This article is actually an older one, from seven months ago.

The big question about mysticism for me is how subversive it is or should be. To what extent is mysticism coopted by unenlightened society to justify unspiritual pursuits? Or is there a dual narrative about mysticism, an esoteric and an exoteric one, the one being less reassuring than the other?

Certainly in the self-help industry we see a coopted, degraded form of mysticism off of which some are profiting. We could call this inauthentic mysticism, just as Americanized Christianity is in some ways fake.

The way you interpret the link between mysticism and altruism reminds me of Superman. If you knew you were an immortal superpowerful person, would you choose to become a superhero? In the comics there's a Nietzschean aspect, a choice between superheroism and supervillainy, made by those who are beyond good and evil in the conventional sense.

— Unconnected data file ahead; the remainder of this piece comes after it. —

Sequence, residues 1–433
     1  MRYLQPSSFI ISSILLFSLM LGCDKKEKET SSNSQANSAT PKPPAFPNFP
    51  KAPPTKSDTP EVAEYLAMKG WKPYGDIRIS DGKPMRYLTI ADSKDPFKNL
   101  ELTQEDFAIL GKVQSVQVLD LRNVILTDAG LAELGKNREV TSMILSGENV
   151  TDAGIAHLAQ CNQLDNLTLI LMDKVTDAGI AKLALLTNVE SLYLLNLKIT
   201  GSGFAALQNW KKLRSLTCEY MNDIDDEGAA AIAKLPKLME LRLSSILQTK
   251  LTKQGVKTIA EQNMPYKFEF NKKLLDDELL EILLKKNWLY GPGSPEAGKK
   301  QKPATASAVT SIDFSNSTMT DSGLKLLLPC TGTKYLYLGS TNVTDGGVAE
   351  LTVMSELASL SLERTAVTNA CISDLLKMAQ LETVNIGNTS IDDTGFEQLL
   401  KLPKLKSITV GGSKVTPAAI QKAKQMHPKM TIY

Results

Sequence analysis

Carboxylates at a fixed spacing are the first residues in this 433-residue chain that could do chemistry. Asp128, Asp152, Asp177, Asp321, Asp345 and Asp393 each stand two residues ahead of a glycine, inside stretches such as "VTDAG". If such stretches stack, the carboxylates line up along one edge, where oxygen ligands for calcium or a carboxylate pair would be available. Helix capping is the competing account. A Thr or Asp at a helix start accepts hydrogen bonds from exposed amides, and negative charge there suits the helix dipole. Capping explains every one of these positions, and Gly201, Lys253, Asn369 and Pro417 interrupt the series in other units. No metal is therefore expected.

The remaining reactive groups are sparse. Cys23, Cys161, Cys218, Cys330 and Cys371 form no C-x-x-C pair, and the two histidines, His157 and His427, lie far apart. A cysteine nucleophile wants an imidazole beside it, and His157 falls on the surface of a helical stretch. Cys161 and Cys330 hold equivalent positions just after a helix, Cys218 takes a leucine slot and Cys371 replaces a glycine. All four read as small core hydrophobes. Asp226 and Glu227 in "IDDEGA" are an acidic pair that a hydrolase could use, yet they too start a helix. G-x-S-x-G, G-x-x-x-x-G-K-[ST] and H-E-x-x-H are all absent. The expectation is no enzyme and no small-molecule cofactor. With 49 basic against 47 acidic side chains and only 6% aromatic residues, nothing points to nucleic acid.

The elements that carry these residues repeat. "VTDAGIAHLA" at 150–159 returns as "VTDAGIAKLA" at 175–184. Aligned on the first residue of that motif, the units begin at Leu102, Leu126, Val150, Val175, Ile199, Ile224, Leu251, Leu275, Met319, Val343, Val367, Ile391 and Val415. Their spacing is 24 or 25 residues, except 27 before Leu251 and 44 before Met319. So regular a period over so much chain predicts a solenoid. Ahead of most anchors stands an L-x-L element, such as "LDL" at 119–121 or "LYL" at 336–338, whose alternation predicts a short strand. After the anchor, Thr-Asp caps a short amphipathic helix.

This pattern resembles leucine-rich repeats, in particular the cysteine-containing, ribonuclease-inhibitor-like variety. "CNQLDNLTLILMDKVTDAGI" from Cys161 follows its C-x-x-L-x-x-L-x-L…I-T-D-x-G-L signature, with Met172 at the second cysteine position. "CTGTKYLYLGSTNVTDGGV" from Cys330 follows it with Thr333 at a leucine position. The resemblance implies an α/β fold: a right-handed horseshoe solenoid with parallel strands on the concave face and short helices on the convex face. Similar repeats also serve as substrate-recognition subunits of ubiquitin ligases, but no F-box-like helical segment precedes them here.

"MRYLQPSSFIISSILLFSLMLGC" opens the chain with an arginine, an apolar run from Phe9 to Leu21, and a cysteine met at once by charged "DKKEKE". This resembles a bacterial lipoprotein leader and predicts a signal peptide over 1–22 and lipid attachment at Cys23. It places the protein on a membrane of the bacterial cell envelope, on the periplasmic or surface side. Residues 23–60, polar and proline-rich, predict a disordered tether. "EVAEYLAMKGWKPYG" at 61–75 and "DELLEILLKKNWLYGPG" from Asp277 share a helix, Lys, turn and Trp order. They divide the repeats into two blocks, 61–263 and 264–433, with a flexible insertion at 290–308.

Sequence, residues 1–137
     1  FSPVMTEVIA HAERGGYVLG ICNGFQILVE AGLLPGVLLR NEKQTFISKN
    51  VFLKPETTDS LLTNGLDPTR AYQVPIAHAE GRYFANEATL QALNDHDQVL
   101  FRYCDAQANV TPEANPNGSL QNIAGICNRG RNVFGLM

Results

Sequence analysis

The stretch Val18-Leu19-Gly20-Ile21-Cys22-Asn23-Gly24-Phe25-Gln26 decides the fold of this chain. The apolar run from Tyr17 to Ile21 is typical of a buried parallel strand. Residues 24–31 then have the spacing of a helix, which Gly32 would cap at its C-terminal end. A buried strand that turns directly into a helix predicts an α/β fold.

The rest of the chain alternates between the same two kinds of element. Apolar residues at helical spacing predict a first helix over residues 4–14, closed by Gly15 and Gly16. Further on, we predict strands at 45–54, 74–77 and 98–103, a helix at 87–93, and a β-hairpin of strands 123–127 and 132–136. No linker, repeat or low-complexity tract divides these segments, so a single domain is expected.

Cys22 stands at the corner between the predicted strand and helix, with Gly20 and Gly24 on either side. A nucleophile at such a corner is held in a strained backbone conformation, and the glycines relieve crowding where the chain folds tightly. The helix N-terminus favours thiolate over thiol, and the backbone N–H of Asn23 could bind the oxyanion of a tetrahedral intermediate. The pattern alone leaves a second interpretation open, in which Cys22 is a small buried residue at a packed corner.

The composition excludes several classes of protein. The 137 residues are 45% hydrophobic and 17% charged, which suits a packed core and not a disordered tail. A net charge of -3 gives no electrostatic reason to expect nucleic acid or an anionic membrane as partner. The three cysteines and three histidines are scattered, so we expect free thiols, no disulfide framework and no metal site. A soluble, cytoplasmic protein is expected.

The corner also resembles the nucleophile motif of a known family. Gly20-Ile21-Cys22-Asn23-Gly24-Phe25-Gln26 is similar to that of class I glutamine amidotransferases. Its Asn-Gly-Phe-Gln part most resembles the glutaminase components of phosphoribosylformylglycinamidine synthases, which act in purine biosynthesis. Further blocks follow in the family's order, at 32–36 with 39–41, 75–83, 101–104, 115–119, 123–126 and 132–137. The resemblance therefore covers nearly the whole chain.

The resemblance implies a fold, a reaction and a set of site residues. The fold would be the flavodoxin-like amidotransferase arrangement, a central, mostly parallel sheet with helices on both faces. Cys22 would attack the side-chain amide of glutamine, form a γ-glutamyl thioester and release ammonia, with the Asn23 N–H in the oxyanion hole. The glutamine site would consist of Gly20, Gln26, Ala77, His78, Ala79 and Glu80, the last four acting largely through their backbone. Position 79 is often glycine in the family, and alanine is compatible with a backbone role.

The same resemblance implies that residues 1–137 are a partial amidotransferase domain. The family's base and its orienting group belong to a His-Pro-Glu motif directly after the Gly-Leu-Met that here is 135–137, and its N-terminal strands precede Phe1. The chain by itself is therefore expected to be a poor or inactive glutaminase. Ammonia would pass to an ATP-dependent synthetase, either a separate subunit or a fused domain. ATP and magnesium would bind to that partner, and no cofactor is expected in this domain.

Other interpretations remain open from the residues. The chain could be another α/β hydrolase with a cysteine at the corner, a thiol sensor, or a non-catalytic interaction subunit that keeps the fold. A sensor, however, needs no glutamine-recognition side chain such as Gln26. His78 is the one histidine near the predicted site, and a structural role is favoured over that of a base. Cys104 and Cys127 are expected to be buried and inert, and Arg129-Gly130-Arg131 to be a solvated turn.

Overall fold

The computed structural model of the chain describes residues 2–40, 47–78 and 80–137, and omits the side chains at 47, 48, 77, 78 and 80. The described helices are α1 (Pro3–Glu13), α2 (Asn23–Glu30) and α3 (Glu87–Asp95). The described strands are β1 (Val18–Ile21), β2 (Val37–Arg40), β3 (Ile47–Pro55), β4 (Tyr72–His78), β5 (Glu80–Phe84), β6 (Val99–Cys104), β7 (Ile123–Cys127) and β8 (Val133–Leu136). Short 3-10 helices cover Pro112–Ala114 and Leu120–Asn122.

Is it just self-evident that if you had nothing to fear, you'd opt for "homeostatic equilibrium" or altruism? I doubt it, because nature creates largely by destroying old orders. You could rationalize the choice to be a supervillain by saying the old system is corrupt and needs to be destroyed to make way for something new and better.

One of the main points I want to make in this context is that the mystic shouldn't be expected to adopt slave morality. The enlightened mystic is in the Ubermensch's role, beyond conventional conceptions of right and wrong.

Knowledge condemns. Art redeems. I learned that as an artistic writer who did a doctorate in philosophy. We should try to see the dark comedy in all things.

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